Shark fin soup is cruel: Yao Ming

Updated: 2011-09-23 07:35

By Zhang Kun, Tang Zhihao and Luo Wangshu (China Daily)

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Shark fin soup is cruel: Yao Ming
Basketball star Yao Ming attends a ceremony in Shanghai on Thursday to launch a campaign urging people to stop eating shark fin soup. [Photo by Gao Erqiang/China Daily] 

SHANGHAI - Basketball superstar Yao Ming and British entrepreneur Richard Branson joined forces on Thursday to get shark fin soup off the menu and save some of the species from extinction.

The soup, considered a delicacy, is widely served at top-class restaurants on the mainland, Hong Kong and Taiwan. To cater for demand about 1.5 million sharks are slaughtered every week for their fins, a move that endangers some species.

"Few people know the importance of sharks in maintaining the ecological balance," recently retired NBA star Yao said in Shanghai during an event, sponsored by conservation group WildAid, to launch the campaign against the shark fin trade.

"Nor do they realize the cruelty of the finning process," Yao said.

After the fins are sliced off, sharks are discarded back to the ocean where they are condemned to a slow, agonizing death due to diminished speed and maneuverability.

Shark fin soup is cruel: Yao Ming
Basketball star Yao Ming attends a ceremony in Shanghai on Thursday to launch a campaign urging people to stop eating shark fin soup. [Photo by Gao Erqiang/China Daily]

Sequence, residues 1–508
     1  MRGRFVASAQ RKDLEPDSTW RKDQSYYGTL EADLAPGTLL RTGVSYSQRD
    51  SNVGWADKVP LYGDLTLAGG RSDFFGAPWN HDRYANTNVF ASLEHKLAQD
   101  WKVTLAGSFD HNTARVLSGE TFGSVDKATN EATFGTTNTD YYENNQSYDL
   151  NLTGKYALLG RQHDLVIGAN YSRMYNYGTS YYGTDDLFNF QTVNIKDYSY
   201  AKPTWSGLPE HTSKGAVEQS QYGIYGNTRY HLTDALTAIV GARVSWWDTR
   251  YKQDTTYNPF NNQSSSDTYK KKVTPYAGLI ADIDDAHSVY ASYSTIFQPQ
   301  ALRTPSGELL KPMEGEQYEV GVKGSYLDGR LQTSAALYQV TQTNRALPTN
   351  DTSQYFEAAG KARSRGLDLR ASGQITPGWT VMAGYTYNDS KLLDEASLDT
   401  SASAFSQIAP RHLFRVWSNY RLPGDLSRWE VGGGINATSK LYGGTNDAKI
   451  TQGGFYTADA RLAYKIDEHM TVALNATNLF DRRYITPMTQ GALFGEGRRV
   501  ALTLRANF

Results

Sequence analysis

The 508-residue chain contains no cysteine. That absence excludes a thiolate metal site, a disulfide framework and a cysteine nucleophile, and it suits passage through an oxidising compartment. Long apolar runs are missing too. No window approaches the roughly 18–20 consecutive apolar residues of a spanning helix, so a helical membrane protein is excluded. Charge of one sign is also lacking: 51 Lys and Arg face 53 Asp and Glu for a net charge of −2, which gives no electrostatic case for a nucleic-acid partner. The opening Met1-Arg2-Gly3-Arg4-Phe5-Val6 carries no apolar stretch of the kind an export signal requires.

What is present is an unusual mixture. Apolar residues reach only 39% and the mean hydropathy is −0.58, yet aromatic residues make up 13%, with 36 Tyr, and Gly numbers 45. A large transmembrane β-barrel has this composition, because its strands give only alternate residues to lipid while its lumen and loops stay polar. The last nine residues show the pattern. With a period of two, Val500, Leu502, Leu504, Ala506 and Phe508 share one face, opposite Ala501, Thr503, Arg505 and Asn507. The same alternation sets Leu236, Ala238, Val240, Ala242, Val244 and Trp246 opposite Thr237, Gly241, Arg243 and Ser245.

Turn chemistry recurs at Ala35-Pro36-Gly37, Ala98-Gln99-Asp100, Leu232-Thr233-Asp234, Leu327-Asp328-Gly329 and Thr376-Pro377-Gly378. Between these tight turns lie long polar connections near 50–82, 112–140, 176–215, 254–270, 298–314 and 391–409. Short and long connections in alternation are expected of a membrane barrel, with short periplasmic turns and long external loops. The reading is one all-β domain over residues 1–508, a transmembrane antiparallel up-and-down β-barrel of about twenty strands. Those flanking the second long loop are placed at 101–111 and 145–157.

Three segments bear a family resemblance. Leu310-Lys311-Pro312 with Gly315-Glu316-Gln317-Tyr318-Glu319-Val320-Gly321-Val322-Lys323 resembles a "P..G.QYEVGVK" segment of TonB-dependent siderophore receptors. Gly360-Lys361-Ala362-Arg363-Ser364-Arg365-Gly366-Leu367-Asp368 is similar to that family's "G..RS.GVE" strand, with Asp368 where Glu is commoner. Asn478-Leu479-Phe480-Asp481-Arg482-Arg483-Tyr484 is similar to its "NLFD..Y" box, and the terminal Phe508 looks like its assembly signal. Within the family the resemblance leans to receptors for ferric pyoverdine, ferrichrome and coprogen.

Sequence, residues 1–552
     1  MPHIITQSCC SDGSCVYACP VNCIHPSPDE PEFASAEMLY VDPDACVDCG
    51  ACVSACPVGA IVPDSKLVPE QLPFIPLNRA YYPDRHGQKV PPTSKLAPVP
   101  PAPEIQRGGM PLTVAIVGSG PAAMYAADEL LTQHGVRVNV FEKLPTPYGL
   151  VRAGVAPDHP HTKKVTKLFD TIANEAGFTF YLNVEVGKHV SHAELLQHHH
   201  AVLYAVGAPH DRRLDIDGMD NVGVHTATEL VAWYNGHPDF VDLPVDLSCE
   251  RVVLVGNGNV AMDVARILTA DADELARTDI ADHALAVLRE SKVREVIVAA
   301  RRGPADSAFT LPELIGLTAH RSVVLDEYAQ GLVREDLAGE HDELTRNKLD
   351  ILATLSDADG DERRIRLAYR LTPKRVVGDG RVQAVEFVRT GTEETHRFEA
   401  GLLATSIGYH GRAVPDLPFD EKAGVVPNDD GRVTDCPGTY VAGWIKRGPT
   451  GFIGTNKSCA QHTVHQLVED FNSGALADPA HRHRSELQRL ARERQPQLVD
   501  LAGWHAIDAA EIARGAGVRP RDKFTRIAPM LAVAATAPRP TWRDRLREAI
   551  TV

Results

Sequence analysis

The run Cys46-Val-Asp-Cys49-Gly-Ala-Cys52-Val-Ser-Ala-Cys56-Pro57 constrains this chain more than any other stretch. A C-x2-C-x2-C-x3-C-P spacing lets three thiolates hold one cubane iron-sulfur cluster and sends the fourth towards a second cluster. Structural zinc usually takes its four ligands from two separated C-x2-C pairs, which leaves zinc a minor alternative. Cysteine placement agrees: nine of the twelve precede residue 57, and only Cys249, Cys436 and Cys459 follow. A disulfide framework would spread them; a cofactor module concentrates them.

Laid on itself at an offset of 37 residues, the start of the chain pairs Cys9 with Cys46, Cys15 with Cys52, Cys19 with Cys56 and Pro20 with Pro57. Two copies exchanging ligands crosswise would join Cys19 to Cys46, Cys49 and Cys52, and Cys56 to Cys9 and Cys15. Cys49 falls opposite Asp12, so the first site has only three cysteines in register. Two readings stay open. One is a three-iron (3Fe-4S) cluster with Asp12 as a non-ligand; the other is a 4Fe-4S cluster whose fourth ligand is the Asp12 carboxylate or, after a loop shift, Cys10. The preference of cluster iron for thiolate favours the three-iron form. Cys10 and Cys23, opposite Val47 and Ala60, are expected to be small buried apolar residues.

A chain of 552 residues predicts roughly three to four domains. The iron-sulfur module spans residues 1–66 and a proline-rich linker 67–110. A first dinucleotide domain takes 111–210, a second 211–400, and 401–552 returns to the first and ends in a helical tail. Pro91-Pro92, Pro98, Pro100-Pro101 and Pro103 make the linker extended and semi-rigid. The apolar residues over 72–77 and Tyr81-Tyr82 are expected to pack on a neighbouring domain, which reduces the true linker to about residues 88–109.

"There is no reasonable explanation for the cruelty," Yao said.

Despite growing calls to ban the trade and consumption of shark products, demand in China has been growing rapidly as the economy booms.

"Those who eat shark fin soup told me they don't particularly like it," Branson, president of Virgin Atlantic Airlines, said.

"It was just the tradition. That means it's possible to get people to switch to other food, and make the soup unfashionable."

Yu Zhengming, a middle-aged businessman from Wenzhou, Zhejiang province, said delicacies, such as shark fin, abalone and bird's nest, are "staples for a luxurious banquet".

It is common practice in wealthy circles to give money in red envelopes as wedding gifts and the new couples, in return, try to provide a banquet worth the value of the large amount of money they received. They do this by serving expensive cuisine, Yu said.

Wu Qi, a 25-year-old white-collar worker in Shanghai, is planning her wedding for later this year. "We booked the 5,888 yuan ($922) per table banquet, and shark fin soup is listed on all three potential menus."

Wu and her fiance finally convinced their parents to serve sea cucumber instead. They said that their friends would be concerned about the environmental effect, especially as one of them works for Greenpeace.

Some restaurants and hotels, such as URBN Hotel Shanghai where the campaign launch was held, have taken action.

The Dragon Hotel, a five-star hotel in Hangzhou, Zhejiang province, announced it had stopped providing shark fin dishes from Sept 19.

Bao Rongjun, the hotel's communication manager, said more than 30 shark fin dishes were removed from the menu.

"Our business will suffer. The hotel will see its revenue drop by 6 million yuan ($940,000) a year," she said.

Jin Ding Xuan, a Cantonese seafood restaurant chain in Beijing, has gone a step further by stopping all sales of live seafood.

"We stopped selling live seafood last October," Sui Tongping, manager at the Ditan branch in Beijing, said.

"People like shark fin for its rarity. It doesn't have any special nutritional element," he added.

Matthew Fulco contributed to this story.


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